Post-product development—how the item is then marketed to consumers—is also geography specific. Social media marketing may have become the great equalizer, but physical activations need more nuance. “Activating in the non-coastal states is more cost-effective, especially with physical events and in-person moments. The marketing mix will need to differ and each marketing lever will impact a city in a different way,” Vale remarks. “For example, billboards may work better (with the right creative) in cities where people are driving a lot. The street-level wheat postings work better when there is increased foot traffic at street level, e.g., New York. Influencer marketing and events can be effective by tapping into more niche and local communities.”
Marketing budgets may be focused on maximum footfall traffic when it comes to deciphering the ROI for physical activations, but while a pop-up in NYC may equate to more eyes on the product, that same customer is also getting hit with at least five new products on their walk home, whereas an individual in a less competitive area may be able to connect on a deeper level with the brand.
For DIBS Beauty, which has an emphasis on multipurpose products and wearable color palettes, the Midwest consumer segment has helped them reach viral status, selling one of its Desert Island Duo bronzer/blush sticks every three seconds. “Customers in the Midwest have a different relationship with a lot of our brand partners and influencers. They’re much closer to them, they view them as very much trusted big sisters. If you are in a market that isn't exposed to thousands of new brands every day, you have more attention span, more time to concentrate, and more time to form a deeper relationship with us,” Jeff Lee, co-founder of DIBS Beauty, tells BeautyMatter.
DIBS Beauty co-founder and popular influencer Courtney Shields hails from Austin herself, and with the brand’s in-store activations, there is always an emphasis on an approachable and hands-on connection with the customer, regardless of what C-suite–level status the employee may have in the company.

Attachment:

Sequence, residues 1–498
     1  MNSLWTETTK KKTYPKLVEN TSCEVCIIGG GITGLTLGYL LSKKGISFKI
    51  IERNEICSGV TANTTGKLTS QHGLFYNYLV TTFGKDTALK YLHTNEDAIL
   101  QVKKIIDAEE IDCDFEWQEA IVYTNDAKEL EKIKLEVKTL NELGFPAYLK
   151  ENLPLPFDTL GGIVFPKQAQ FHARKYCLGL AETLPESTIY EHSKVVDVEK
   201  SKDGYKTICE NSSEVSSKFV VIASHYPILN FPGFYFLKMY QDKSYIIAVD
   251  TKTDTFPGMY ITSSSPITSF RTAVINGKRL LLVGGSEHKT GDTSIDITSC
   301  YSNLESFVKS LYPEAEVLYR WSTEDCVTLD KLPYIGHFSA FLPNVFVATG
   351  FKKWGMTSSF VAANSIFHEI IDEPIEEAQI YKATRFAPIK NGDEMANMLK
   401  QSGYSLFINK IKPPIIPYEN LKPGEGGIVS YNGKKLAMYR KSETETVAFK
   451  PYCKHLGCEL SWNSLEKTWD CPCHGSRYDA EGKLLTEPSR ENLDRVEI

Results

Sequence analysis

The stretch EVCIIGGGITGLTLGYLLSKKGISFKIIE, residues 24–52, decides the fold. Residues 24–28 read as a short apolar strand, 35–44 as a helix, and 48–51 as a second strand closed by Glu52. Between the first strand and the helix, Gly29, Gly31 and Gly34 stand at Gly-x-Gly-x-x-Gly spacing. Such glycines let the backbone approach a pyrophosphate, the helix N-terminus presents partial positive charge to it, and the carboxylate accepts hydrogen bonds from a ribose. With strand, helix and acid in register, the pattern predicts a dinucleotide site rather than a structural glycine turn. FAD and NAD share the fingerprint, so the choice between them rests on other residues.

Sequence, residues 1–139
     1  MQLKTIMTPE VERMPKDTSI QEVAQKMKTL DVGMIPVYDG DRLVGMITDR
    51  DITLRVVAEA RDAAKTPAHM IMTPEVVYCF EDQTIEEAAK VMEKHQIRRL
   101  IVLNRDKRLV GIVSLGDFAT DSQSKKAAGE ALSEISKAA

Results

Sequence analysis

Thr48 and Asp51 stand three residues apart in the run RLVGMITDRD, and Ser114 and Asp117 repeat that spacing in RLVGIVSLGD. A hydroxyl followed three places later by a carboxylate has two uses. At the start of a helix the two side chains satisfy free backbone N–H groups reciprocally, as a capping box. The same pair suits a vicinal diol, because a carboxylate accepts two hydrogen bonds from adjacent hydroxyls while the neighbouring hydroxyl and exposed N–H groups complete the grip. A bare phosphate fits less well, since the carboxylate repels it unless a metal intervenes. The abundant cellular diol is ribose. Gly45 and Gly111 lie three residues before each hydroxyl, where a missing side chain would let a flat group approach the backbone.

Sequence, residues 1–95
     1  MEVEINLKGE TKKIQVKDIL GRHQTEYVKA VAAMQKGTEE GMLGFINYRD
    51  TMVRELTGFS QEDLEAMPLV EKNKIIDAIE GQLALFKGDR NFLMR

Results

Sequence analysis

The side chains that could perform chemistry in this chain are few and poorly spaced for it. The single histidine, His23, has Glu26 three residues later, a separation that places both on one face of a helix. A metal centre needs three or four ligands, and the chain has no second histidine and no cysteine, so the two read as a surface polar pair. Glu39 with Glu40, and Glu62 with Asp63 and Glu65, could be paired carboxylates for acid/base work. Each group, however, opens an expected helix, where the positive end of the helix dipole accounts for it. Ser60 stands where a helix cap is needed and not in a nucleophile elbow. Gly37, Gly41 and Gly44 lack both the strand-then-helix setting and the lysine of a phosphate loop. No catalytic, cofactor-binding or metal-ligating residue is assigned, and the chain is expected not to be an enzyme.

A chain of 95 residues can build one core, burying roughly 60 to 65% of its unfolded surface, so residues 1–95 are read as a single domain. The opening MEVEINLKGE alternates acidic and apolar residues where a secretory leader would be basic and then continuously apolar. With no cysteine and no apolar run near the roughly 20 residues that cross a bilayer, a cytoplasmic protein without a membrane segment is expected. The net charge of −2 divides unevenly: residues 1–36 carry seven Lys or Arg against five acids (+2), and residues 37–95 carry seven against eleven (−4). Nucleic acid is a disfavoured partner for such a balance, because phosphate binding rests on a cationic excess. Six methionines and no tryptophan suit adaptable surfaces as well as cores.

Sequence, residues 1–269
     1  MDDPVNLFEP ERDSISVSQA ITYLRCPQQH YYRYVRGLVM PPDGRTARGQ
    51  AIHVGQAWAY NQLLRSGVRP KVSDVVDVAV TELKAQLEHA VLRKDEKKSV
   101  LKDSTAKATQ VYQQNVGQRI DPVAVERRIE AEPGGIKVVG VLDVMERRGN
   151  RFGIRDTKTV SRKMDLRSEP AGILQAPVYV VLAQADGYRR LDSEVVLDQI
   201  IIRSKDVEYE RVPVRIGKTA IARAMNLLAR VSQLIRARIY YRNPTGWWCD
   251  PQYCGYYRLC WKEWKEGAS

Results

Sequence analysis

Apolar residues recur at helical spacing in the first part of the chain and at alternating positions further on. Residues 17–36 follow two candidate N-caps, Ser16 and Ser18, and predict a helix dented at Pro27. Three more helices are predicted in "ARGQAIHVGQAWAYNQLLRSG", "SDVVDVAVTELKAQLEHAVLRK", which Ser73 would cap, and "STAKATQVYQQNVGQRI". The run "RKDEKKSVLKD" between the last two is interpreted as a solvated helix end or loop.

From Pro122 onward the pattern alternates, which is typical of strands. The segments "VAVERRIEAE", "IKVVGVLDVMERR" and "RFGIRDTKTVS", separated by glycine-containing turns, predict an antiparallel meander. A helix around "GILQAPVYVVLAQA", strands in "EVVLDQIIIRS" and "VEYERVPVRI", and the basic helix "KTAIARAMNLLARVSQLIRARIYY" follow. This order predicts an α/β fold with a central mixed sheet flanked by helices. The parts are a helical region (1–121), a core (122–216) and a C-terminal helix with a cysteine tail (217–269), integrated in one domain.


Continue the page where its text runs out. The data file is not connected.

On the beauty service front, building close connections with customers who are more loyal than the metropolitan individual, who has a plethora of options at their fingertips, helps to build a steady base for company growth. The Skin Center has been operating its med spas across the Pittsburgh and Ohio space for 40 years, with eight locations (and a recent new opening in Shaker Heights, OH) and being recognized as a Top 10 Botox provider nationwide, although fillers, microneedling, and body contouring are also popular parts of the company’s core offerings.
Their core customer is 30–50-year-old females, with 20–30-year-olds and male patients as growing consumer bases coming up behind. The company estimates it performs 30,000-50,000 procedures a year and has tripled in business size since 2020, propelled forward by the Zoom effect. “Since COVID, everybody who left the big city to find a place where they can have a better quality of life than in New York or LA, expect to have the same level of access to trends, whether it's luxury or more masstige experiences,” Rachel Hayes, Vice President Consumer Engagement, tells BeautyMatter. In 2022, US moving rates were highest in Houston (55.7%), Miami (55.2%), Atlanta (53.8%), and Washington, DC (53.4%), so more heads are likely to come to those capitals in the near future.
One factor that doesn’t have a geographical focus is ultimately the power of consistent, reliable services as part of a cohesive company vision. “The focus on quality care, the provider-patient relationship, has really benefited us. Patients will continue to seek us out because of the emphasis on quality now and going forward,” Greg Sanker, CEO, adds. “Our North Star is high-quality people, high-quality service, and so long as we can stay true to that, it doesn't matter where we are.”
In conclusion, the strategy for the non-coastal beauty consumer doesn’t mean throwing the playbook out the window, but perhaps rethinking its chapters by doing some in-depth research in-person. “Cracking state-by-state is a long and committed journey but the rewards are high. Getting close to the consumer and hearing what they are saying about your brand at multiple touch points is vital,” Vale explains. However, it’s a journey worth the effort, as she adds: “Brands that already prioritize states beyond the East and West Coasts are growing faster and have broader awareness with the consumer. As the coastal states become more and more congested, we will see a lot more focus on key cities, within prominent states.”